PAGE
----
That said, my problem with most of the sermon titles on the “Ten minutes or less” page isn’t that they were published, but that they suck.

    who was at her church five days of the last week and does not want to have been there seven.

    *He was a big Tillich fan, so his views and the ministers’ did not always align

    • CC-
      In the list of churches that I gave in the previous post, none of them use the lectionary. If any of them were going to do it, it would most likely be Trinity because a number of UCC churches do.
      But, for the most part, black churches don’t do the lectionary–even those black churches that are a part of white denominations like the UCC-United Methodist-Disciples. Of course, in denominations where there is no choice–Presbyterian of all stripes or the Lutherans of most stripes–there are so few African Americans in those denominations that I can’t speak to how those black churches act. And I would have to ask my black Episcopalian friends how their churches do it–because I’ve heard a wide range of styles there.

      Five days in a seven day week is a lot. What I’m talking about though is people seeing the church as more than just a Sunday morning place. And having programming that lets people explore all parts of their life in a central place. That’s why I’m really big on the mega-churches. They do the social-spiritual-physical spectrum in a way that should be emulated by liberal religious folk.

  3. Admittedly, last week was an unusually church-filled week that included a fundraiser on Saturday that I am an active participant in putting together. I feel like I get taste of the “seven-day-a-week” church when I am working on a big project with a bunch of my fellow congregants. We’re there a lot, we bond, we work together to do something good. I like it in the doses that I get it, but I don’t long for more. This week I will probably be there twice and that’s plenty.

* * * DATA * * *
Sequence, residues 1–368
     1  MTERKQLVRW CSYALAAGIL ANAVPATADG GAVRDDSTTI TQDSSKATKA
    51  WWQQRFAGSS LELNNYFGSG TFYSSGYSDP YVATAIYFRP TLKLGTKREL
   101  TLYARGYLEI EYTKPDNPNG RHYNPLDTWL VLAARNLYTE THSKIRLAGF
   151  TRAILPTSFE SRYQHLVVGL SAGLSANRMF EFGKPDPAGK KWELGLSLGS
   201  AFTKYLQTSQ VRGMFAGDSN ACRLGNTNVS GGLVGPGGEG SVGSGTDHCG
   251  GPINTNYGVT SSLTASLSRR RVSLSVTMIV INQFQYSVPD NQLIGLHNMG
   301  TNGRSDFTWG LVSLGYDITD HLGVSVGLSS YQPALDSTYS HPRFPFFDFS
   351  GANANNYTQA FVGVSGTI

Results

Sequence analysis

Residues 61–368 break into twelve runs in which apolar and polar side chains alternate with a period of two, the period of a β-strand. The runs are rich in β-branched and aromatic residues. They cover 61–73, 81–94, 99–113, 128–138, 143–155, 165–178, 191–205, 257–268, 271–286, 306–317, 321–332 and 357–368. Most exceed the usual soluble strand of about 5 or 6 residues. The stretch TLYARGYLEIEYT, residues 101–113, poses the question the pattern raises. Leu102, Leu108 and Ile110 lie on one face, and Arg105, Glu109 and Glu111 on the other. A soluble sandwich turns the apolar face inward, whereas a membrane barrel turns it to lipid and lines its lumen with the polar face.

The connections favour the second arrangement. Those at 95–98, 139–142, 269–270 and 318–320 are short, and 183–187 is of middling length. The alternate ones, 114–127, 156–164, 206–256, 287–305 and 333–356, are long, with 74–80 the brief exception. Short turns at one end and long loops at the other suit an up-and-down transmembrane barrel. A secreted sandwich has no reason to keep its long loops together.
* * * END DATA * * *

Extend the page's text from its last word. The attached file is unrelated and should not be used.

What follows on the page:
I’m not so big on the mega-churches and in general am skeptical of the “it works for mega-churches, it can work for us” line of thinking. While I realize that “too small to have decent programming” is a big problem at the other extreme, I used to work for Mormons and am leery of the “Well, if we don’t show up to the Thursday-night-whatever, our friends will wonder where we are” mentality that making the church the center of your life can have. Yes Mormonism has a lot of members, but I don’t want or need the level of conformity that can breed and I like having friends who aren’t UUs.

    My impression has been that most churches sort of split the difference, with covenant groups, committee meetings and other truly optional activities weekday evenings and non-Sunday daytime programming that welcomes all but seems philosophically aimed at older people. Given that older people have a lot more free time during the day and tend to socially cocoon, this seems reasonable to me. And if an unemployed younger person is lonely and wants to be at church every day, they could do worse than to glean some wisdom from their elders at book club or go to a workshop on updating their living will.